HIV and the Financial Crisis Academic Council Debate on the Financial Crisis and Public Health Robert Greener, April 30, 2009.
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HIV and the Financial Crisis Academic Council Debate on the Financial Crisis and Public Health Robert Greener, April 30, 2009
Magnitude of the Epidemic 33.2 million living with HIV –67% in sub-Saharan Africa 2.5 million new infections per annum 2.1 million deaths per annum –number infected still growing More than 3 million on ARV treatment Most infections are in low and middle- income countries
The Financial Crisis (or is it an economic crisis?) There is general consensus within (and beyond) the UN system on the key elements of the crisis –The crisis is affecting both advanced and developing countries –Financial conditions facing developing countries have deteriorated sharply, and the crisis will have long- term implications for them –The challenge is to protect or expand critical expenditures in the social sector – safety nets, human development and infrastructure –There is a strong need to expand assistance to developing countries to protect these expenditures and prevent the erosion of progress in reducing poverty
Domestic Resources In low and middle-income countries Private Sector – and workplace Individuals – Out of pocket and insurance -Not well known Domestic Public Sector Government Budgets in low and middle-income countries External Resources From high-income countries Private Foundations Direct Bilateral Cooperation Targeted and Sectoral Aid Budgets Multilateral Institutions GFATM, UN, EU Global Innovative Mechanisms South-South Cooperation Triangular Cooperation Regional Cooperation Public Sector Bilateral Donors Private Sector
What will happen to domestic funding for HIV? Most of the domestic funding is within middle-income countries such as Brazil, South Africa and Thailand Evidence for the past is that social spending has been reduced during times of economic downturn This picture is not uniform, and cannot be used as a guide for the future – social spending is a policy choice.
ODA and GNI in OECD 1980-2007 fall of 4.9% per annum for 5 years during strong GDP growth (3.2% p.a.) 5-8 years to recover
Key Issues for UNAIDS What are the vulnerability implications of: –Increasing unemployment –Decreasing remittances –Increasing poverty and food insecurity –Possible wider effects, such as deteriorating governance What are the long-term implications of making bad choices now?
The Impact on AIDS The global economic crisis threatens to reverse gains in health and poverty alleviation in developing countries These effects are likely to be magnified by the impact of the crisis on the HIV epidemic, especially in the high HIV prevalence countries in sub-Saharan Africa
Country Vulnerability Vulnerability to the Crisis Undiversified domestic economy High level of poverty Low fiscal capacity Low institutional capacity –Undeveloped social protection systems Vulnerability of HIV Programmes HIV resource needs in relation to GNI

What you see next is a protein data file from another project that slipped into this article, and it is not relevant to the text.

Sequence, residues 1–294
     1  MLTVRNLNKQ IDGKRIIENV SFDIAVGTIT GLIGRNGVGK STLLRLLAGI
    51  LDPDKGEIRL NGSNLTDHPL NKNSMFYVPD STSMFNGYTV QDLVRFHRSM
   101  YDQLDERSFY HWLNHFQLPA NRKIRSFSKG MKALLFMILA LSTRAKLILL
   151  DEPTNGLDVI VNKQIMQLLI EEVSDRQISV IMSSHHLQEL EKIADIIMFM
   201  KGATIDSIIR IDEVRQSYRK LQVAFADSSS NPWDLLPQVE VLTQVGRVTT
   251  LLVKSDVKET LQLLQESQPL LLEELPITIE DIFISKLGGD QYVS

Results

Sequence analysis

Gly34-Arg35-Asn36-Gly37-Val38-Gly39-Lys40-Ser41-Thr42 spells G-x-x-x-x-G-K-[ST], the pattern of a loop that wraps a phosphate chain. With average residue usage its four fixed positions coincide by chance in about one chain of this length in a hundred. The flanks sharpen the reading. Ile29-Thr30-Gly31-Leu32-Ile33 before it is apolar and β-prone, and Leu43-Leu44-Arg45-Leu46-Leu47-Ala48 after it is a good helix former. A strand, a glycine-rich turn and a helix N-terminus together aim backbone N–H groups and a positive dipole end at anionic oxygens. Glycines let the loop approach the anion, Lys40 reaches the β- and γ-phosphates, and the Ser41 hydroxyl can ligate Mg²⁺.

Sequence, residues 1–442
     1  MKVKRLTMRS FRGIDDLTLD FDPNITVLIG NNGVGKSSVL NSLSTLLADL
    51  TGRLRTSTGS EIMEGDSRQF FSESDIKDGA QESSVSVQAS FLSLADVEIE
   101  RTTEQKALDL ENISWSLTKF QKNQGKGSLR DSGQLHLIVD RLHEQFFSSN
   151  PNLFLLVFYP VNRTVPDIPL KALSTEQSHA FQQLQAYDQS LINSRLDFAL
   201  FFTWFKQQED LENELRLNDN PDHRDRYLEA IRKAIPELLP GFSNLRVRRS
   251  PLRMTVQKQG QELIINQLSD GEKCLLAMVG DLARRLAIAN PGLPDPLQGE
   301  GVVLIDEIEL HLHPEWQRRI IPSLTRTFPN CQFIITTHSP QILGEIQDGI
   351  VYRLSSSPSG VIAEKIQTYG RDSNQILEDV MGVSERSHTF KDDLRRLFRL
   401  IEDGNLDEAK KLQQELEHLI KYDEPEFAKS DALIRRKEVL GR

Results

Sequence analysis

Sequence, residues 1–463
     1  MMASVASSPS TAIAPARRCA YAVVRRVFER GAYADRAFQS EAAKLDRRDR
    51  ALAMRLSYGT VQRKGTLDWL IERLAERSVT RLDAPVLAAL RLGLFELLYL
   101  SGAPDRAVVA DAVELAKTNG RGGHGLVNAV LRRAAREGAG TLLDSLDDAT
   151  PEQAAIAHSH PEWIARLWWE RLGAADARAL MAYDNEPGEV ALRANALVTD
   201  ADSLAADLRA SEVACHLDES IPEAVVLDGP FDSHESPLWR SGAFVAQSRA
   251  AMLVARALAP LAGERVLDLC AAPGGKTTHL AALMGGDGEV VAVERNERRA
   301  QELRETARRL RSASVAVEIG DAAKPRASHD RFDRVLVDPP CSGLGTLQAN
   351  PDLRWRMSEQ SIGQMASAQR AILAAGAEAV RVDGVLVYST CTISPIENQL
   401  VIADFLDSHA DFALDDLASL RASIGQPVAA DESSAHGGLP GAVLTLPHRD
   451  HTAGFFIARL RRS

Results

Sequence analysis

Current Perceptions Information collected in late March 2009 from 69 countries (in which 3.4 million people are under treatment) shows that: –In 12% of the surveyed countries, the crisis is already impacting treatment programmes. –In 32% of the countries—home to 61% of those under antiretroviral treatment—an impact is expected this year.
The risks of reduced treatment Increased mortality and morbidity Unnecessary death and disease (including increased tuberculosis) due to AIDS Greater transmission risks as people off treatment become more infectious Higher financial costs Interruptions of treatment make treatment failure more likely, requiring use of costly second-line regimen drugs Increased burden on health systems. More HIV- related illnesses, and pressure on health services at a time when their budgets are being cut Reversal of economic and social gains. Consequences for households, and costs to businesses and public agencies.
The risks for prevention If treatment programmes are protected, there is a risk that funding for prevention will be cut If this happens, it will lead to more AIDS illness and treatment need in the future –Higher costs of treatment programmes –Welfare impacts for households
Core Challenges Universal Access: To maintain and expand HIV programmes To increase the effectiveness with which resources are used To secure long-term sustainable financing for HIV from both external and domestic sources
Challenge of Universal Access Access to prevention, treatment and care has produced measurable results Estimated resource needs to continue the scale up to Universal Access will require almost double what is currently available (about $25 bn. per annum) Most of these increases will have to be met from international aid funding
The Challenge to Increase Effectiveness This challenge is highlighted by the financial crisis Money from all sources must be used as effectively as possible for prevention, treatment and impact mitigation Programmes must be designed to target the root causes of vulnerability and impact
Challenge of Sustainable Financing The AIDS response is a core pre-requisite for the Millennium Development Goals Countries will need to reprioritize their spending towards social goals such as health, while also tapping a diverse and innovative mix of financing sources The international community will need to maintain resolve and urgency for all of the MDGs